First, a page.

A pair of Russian satellites are tailing a multibillion-dollar U.S. spy satellite hundreds of miles above the Earth’s surface, a top U.S. military commander tells TIME, underscoring a growing threat to America’s dominance in space-based espionage and a potentially costly new chapter in Washington’s decades-long competition with Moscow.
Gen. John “Jay” Raymond, commander of the newly minted U.S. Space Force, says the Russian spacecraft began maneuvering toward the American satellite shortly after being launched into orbit in November, at times creeping within 100 miles of it. “We view this behavior as unusual and disturbing,” Raymond says. “It has the potential to create a dangerous situation in space.” Raymond says the U.S. government has expressed concern to Moscow through diplomatic channels.
The confrontation marks the first time the U.S. military has publicly identified a direct threat to a specific American satellite by an adversary. The incident parallels Russia’s terrestrial encounters with the U.S. and its allies, including close calls between soldiers, fighter jets and warships around the world. Observers worry that space is now offering a new theater for unintentional escalation of hostilities between the long-time adversaries.
Pentagon, White House and Congressional backers, say the incident demonstrates the need for the Space Force, which President Donald Trump established in December when he signed the National Defense Authorization Act into law. It became the first new military service since the Air Force was created in 1947.
The Space Force, for which the White House is requesting $15 billion in this week’s budget proposal, represents a strategic shift from passively operating and observing satellites to actively defending them. Space warfare doctrine remains a work in progress, but Raymond has spoken about the need to mobilize Space Command against perceived threats because other nations, especially Russia and China, have become increasingly sophisticated at building arsenals of lasers, anti-satellite weapons and state-of-the-art spacecraft designed to render the U.S. deaf, mute and blind in space.
At the same time, the expansion of military operations in space harks back to another hallmark of the Cold War competition between Washington and Moscow: massive spending on perceived threats, regardless of the cost.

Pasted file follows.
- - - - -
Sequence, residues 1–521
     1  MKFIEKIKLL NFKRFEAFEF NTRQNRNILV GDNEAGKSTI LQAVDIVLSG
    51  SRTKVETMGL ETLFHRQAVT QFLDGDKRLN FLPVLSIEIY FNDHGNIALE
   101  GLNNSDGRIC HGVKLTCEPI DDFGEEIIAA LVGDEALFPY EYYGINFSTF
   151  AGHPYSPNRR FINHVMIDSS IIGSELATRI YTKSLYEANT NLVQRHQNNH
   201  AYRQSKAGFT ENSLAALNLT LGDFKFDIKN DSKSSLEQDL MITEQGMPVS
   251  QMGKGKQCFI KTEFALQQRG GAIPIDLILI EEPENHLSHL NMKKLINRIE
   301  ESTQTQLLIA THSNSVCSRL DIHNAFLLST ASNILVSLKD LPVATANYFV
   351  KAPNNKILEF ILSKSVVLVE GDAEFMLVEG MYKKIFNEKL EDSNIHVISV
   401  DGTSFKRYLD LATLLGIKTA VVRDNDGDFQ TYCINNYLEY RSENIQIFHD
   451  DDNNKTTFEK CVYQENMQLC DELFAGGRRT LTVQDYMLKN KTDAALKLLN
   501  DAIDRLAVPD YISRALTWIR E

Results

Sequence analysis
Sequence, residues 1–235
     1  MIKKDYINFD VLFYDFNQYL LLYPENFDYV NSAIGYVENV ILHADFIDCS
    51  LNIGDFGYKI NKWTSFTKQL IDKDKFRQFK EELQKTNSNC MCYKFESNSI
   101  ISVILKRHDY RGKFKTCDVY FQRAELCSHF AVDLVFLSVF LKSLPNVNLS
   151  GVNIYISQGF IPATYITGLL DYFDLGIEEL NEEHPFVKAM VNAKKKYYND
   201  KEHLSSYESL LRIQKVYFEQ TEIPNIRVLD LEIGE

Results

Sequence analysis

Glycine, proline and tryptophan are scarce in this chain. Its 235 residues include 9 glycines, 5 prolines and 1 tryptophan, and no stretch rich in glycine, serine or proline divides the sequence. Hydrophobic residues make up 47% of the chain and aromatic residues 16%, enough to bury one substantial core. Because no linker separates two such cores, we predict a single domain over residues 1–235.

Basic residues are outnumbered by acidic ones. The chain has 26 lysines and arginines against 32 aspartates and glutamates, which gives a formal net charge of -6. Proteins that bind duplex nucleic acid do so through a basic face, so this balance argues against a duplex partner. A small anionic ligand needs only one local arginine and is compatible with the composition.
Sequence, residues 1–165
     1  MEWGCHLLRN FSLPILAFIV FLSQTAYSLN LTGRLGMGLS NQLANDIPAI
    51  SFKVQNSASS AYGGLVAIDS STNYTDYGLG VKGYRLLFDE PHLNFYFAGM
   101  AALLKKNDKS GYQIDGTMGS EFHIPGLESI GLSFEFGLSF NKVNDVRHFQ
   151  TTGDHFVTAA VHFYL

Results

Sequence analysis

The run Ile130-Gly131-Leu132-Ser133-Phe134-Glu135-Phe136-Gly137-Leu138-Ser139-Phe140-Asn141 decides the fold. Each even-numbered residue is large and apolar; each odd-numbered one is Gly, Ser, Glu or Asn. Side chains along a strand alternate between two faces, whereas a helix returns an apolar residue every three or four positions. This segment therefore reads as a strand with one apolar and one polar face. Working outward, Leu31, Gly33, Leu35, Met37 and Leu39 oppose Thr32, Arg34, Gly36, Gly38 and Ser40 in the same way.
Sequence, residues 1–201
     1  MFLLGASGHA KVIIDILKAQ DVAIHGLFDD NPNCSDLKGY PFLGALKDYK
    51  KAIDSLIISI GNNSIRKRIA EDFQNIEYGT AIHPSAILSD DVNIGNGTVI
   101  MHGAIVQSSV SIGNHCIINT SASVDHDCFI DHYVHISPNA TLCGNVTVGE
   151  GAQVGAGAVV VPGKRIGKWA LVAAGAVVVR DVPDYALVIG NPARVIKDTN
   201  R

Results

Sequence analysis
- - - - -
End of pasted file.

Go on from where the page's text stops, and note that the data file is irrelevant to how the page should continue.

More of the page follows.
For those monitoring waste, fraud and abuse in the military industrial complex, the Russian maneuver and the Pentagon’s response also portends a new front in the effort to keep real and potential threats from becoming a budgetary sinkhole. The history of U.S.-Russia military competition is full of examples of perceived threats that require costly responses.
“The initial costs of setting up the Space Force are likely a small down payment on an undertaking that could cost tens of billions of dollars in the years to come,” says William D. Hartung, director of the arms and security project at the Center for International Policy. “The last thing we need is more bureaucracy at the Pentagon, but that’s exactly what the Space Force is likely to give us. Creating a separate branch of the armed forces for space also risks militarizing U.S. space policy and promoting ill-advised and dangerous projects that could involve deploying weapons in space.”
The Russian embassy did not respond to requests for comment about the allegedly threatening maneuvers by its satellites. The Kremlin has previously stated they are not weapons, but rather “inspector” spacecraft engaged in an “experiment.”
U.S. military analysts first noticed something peculiar after Russia launched its spacecraft into orbit November 26 from Plesetsk Cosmodrome aboard a Soyuz rocket. The Russian satellite had been in orbit less than two weeks when, bafflingly, it split in two. As the analysts looked closer, they suspected that a second smaller satellite was somehow “birthed” from the first one. “The way I picture it, in my mind, is like Russian nesting dolls,” Raymond says. “The second satellite came out of the first satellite.”
The maneuver was later confirmed on Dec. 6 when the TASS news agency cited Russia’s Defense Ministry saying the two had separated. “The purpose of the experiment is to continue work on assessing the technical condition of domestic satellites,” the statement said.
However, the satellites, identified as Cosmos 2542 and Cosmos 2543, appeared to be carrying out another mission. By mid-January, they were sidling near the American satellite, identified as USA 245, known to space experts as a KH-11.
The U.S. satellite, part of a reconnaissance constellation codenamed Keyhole/CRYSTAL, is operated by the National Reconnaissance Office (NRO), the secretive intelligence agency headquartered in Chantilly Va. Although the NRO refuses to comment on the large school bus-sized satellites, the KH-11’s capabilities are often compared by experts in the field to the Hubble Space Telescope. Instead of staring into the vast expanse of space, however, the satellites’ sensors and cameras are focused into the heart of foreign adversaries’ top-secret military installations
A KH-11 satellite, known as USA 224, is widely believed by analysts to have taken the image of Iran’s Imam Khomeini Space Center that President Donald Trump posted to Twitter in August. The photo was so detailed, you could make out the Farsi characters written along the edge of the launchpad. The KH-11 constellation, which consists of four satellites that maintain constant Earth observation, operate in a polar orbit above the rotating Earth, enabling them to cover its entire surface.